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Remembering Columbine – Reflections by Artistic Director Tom Morgan

25 years ago, the Columbine school shooting rocked the world. Ars Nova Singers participated in a memorial concert just days after the tragedy. Colorado Public Radio is reprising their hour-long feature “Remembering Columbine Through Music” through the end of this month. The first half hour is the story of “American Elegy.” The second half hour is the story of the music performed by Ars Nova Singers at the public memorial 5 days after Columbine.

You can stream it here: https://www.cpr.org/classical/
Click on “Remembering Columbine” on the right side of the page.

Artistic Director Tom composed these words in April, 1999, writing about the experience of that April day:

“I was okay until I saw the angel. At the edge of the field between Clement Park and the Columbine High School athletic fields stood a quietly melting snow angel, surrounded by flowers. As you face it, the school can be seen directly to the south in the distance. The grass around the angel is green; somehow something grows, even here, reaching out from under the winter of our hearts. Since Wednesday, the 21st, the day after the shooting, the whole Denver metro area had returned to winter, as if nature itself could not bear the sweetness of spring.

The memorial site is just to the east of the angel. Through the visitation of thousands the site has been trampled into mud; not even several loads of hay strewn for a carpet could keep the earth from rising up to engulf the flowers, the cards, the banners, the memories, the prayers.

At 3:00 pm we were standing on the hillside, facing west. We could hear the drums first, then the bagpipes. The procession of dignitaries was close behind, followed by the families of the victims, and then the masses, thousands upon thousands in the grey cold. At the memorial wreath, Al and Tipper Gore and Colin Powell were within 15 feet of us as we sang Deep Peace, by Colorado composer Bill Douglas. The singers and I walled off our emotions, focusing on the shape of the phrases, turning our attention to the sustained legatos and harmonic analysis, instead of the unspeakable, senseless loss.

“Deep peace of the running wave to you.
Deep peace of the flowing air to you.
Deep peace of the quiet earth to you.
Deep peace of the shining stars to you.
Deep peace of the gentle night to you.
Moon and stars pour their healing light on you.
Deep peace to you.”

At the end of the piece, Al Gore looked directly into the face of one of our singers and said “God bless you.” The hillside was silent for a moment; the angel melted. The political dignitaries moved aside, and the families of the victims moved forward to lay flowers. There was a palpable change in the air as we began a new harmonization of the hymn Abide with Me. From a proper calm decorum (and the genuine wish for our politicians to contemplate the meaning of “deep peace”) to something less secure, our emotions much closer to the surface, as we could feel the reality of these families, forever changed.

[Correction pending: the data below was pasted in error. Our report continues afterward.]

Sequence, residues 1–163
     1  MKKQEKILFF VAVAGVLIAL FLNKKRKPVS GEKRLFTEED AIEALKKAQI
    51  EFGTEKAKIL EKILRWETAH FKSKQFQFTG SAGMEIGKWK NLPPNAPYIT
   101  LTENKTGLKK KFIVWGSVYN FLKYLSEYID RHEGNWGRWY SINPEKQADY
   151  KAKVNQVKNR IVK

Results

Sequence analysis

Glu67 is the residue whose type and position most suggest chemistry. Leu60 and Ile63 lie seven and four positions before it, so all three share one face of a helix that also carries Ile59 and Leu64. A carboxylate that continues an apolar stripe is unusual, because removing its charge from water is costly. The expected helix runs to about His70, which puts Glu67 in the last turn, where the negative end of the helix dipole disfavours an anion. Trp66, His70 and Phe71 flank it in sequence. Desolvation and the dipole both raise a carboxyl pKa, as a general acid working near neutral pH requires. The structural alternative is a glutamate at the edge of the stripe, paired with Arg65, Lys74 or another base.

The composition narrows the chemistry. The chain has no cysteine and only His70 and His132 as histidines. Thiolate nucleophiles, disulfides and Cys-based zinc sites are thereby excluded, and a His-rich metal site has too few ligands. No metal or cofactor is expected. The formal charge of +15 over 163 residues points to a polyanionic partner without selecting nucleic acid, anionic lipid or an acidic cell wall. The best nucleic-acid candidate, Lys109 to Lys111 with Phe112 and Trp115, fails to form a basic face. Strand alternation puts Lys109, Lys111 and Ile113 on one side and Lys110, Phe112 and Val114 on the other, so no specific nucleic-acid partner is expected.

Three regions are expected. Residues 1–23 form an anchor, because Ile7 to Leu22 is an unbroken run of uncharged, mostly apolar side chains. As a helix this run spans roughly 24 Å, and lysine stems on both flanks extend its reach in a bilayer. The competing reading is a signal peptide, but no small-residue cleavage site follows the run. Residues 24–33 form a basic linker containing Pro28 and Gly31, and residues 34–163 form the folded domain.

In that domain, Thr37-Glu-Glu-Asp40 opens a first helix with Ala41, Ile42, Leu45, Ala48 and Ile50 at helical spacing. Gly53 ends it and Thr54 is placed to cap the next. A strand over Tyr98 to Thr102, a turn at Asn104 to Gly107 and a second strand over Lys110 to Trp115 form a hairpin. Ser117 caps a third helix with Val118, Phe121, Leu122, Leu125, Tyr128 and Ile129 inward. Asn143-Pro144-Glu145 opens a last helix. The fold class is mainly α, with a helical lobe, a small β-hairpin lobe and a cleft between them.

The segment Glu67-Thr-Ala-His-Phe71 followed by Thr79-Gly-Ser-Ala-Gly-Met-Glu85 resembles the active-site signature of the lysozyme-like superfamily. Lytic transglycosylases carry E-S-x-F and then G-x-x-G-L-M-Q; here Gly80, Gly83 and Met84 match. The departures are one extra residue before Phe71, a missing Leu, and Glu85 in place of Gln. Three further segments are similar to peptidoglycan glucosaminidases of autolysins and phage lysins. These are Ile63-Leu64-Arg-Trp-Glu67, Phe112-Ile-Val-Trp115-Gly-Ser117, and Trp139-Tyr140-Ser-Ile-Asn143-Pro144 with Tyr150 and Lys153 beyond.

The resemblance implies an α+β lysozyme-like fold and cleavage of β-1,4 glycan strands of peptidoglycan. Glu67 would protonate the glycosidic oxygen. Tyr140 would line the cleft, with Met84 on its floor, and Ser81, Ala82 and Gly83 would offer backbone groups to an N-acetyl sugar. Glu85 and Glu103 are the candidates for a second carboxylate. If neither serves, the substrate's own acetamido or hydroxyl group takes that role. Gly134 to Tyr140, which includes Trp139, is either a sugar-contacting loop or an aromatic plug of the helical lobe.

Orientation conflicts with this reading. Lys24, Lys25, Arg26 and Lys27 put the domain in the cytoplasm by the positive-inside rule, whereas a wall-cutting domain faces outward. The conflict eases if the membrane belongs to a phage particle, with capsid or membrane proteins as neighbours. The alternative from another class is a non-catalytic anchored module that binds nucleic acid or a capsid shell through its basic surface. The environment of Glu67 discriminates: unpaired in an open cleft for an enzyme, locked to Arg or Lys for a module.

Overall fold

“Shine through the gloom and point me to the skies;
Heaven’s morning breaks, and earth’s vain shadows flee,
In life, in death, O Lord, abide with me.”

As we sang the rest of our program, the thousands behind me went silently by, many pausing to listen to Josquin’s Agnus Dei, William Appling’s arrangement of the spiritual We Shall Walk Through the Valley, Herbert Howells’ poignant setting of Psalm 23 (from the Requiem), John Tavener’s Song for Athene, and the Welsh lullaby Suo Gan. The silence of the hillside easily overwhelmed the drone of helicopters. The sky turned cold. We put on our coats and began our seven-piece set again.

We had assembled this unamplified hillside performance in 48 hours, after an invitation from the Jefferson County Commissioners and the Governor’s office. Every singer that I talked with was extraordinarily grateful for the opportunity to participate, to use our gifts and our art in a meaningful way at a time when everyone felt powerless, numb, empty.

So often in choral music we express humanity’s highest ideals: love, joy, peace, praise. The world needs to hear us, is desperate to hear us. And occasionally, they will stop in silence and listen. Remember the angels. Deep peace to you.”

– Thomas Edward Morgan
Artistic Director
Ars Nova Singers